Glaxo’s ‘Linux Approach’ – PR Stunt or Candle in the Gloom?

It’s no longer uncommon to see Linux mentioned in the mainstream media, but a recent headline in The Wall Street Journal made this reporter stop and take pause.

“Glaxo Tries a Linux Approach,” reads the headline, referring to GlaxoSmithKline’s recent decision to share some research data online as part of its quest for new drugs.

Specifically, the company recently opened up the designs behind 13,500 chemical compounds thought to be candidates for fighting malaria. The hope, presumably, is that — just as in software development — many eyes are better than just a few.

‘Cautiously, Quietly Applauding’

To Linux Girl’s mind, the headline is notable not just for the step Glaxo has taken, impressive as that may or may not be. It’s also remarkable for the WSJ’s use of the phrase, “Linux approach,” and the underlying assumption that it would mean something to a majority of readers.

No doubt for those reasons and more, the news also made a big splash on the Linux blogs.

“I hope, sincerely, that this is the start of more collaborative efforts on the part of drug companies,” wrote one Anonymous Coward on Slashdot, for example. “We’re quick to bash them but I believe we should applaud this effort.”

Similarly: “I’ll be cautiously, quietly applauding from a far corner, until I can figure out what exactly their ulterior motives are,” agreed another. “They want my trust, and this is a good first step, but boy-oh-boy do they have an uphill battle before them.”

‘May I Lick Your Boot Now, Sir?’

Then again: “Most of the countries where Malaria is prevalent are not rich countries,” somenickname pointed out. “However, most people have heard the word Malaria and, even if they don’t know what it is or how you get it, this announcement sounds impressive to them.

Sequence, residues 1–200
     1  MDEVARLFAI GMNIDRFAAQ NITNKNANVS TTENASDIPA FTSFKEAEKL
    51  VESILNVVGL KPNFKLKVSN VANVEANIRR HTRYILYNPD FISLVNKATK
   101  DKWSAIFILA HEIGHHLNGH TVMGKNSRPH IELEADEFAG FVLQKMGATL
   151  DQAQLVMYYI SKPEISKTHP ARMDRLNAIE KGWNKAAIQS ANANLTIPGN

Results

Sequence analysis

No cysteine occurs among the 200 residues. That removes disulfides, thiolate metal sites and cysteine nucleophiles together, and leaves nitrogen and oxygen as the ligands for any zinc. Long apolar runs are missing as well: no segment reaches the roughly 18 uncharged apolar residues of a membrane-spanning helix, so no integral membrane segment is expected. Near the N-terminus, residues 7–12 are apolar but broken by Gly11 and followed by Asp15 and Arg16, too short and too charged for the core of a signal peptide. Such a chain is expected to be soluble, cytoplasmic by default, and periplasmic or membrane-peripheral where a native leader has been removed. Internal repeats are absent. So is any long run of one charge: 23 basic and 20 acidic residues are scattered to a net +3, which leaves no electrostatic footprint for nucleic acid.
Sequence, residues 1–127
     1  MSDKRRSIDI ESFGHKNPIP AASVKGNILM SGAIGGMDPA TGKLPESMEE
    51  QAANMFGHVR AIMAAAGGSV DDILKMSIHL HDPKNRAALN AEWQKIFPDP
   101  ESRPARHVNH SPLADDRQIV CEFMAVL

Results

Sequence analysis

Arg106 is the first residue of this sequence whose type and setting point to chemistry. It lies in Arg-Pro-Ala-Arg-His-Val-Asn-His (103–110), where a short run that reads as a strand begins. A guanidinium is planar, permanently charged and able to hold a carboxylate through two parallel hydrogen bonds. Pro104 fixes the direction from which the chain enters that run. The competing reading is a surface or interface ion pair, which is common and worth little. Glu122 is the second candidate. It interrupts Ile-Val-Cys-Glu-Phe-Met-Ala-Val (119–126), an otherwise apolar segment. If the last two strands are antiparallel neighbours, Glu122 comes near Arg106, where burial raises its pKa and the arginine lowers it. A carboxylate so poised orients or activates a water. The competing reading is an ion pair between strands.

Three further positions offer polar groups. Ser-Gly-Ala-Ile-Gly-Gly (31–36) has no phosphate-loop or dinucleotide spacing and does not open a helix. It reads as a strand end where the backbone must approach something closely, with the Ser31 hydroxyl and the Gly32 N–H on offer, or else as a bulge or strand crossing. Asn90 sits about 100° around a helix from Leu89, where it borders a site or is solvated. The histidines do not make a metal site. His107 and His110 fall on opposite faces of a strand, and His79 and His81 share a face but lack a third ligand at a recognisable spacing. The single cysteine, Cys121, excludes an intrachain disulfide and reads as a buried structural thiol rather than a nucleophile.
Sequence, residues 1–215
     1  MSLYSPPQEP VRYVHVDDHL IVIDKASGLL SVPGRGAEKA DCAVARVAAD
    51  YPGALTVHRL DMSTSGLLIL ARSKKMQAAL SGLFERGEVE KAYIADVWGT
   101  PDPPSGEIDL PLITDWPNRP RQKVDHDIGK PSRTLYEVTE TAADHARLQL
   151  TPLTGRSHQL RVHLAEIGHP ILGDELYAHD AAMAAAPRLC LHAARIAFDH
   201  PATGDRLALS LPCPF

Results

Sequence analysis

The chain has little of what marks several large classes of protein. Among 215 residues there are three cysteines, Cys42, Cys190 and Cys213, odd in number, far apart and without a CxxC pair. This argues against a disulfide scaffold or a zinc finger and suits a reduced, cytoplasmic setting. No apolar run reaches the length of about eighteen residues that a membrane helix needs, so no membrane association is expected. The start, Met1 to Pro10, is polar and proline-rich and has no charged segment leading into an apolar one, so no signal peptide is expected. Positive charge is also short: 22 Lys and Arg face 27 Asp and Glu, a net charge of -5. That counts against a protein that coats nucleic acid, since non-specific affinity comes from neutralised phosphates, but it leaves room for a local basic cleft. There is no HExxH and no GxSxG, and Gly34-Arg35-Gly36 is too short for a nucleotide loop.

“Dengue Fever is also common in many of the areas of the world where Malaria is but they aren’t releasing that research,” somenickname added. “Why? Because no one has heard of it so it’s not an effective PR stunt.”

Even more so: “Oh thank you sir. I’m so greatful sir,” chimed in syousef. “Only sir do you think sir that you might find it in your heart sir to not lock up my own genome sir? I was hoping that we who share the genome sir would be able to use it to fight disease sir along with all those other drugs sir that you filed for first sir but you see sir if you lock it up sir many of us will die sir. May I lick your boot now sir?”

And a little comic relief: “Does this mean that Glaxo are now communists??” pondered efexis on LWN.

Similar sentiments could be heard down at the Linux blogosphere’s Broken Windows Lounge.

‘Trusting Big Pharma Is Like Trusting Microsoft’

“If a pharmaceutical company appears to be doing something positive, you can bet there is an agenda hidden behind the action,” Hyperlogos blogger Martin Espinoza opined. “It may be so simple as that they have not found a way to profit from these illnesses, or that patents covering the initial research are about to expire.”

Big Pharma “is one of a few primary enemies that humanity faces today, along with the Military-Industrial complex, Big Media, Big Oil and so forth,” Espinoza added.

“Trusting Big Pharma to act in the best interests of humanity is like trusting Microsoft to make a version of Windows that makes sense or trusting ATI to make a video driver that doesn’t fail all over itself,” he said.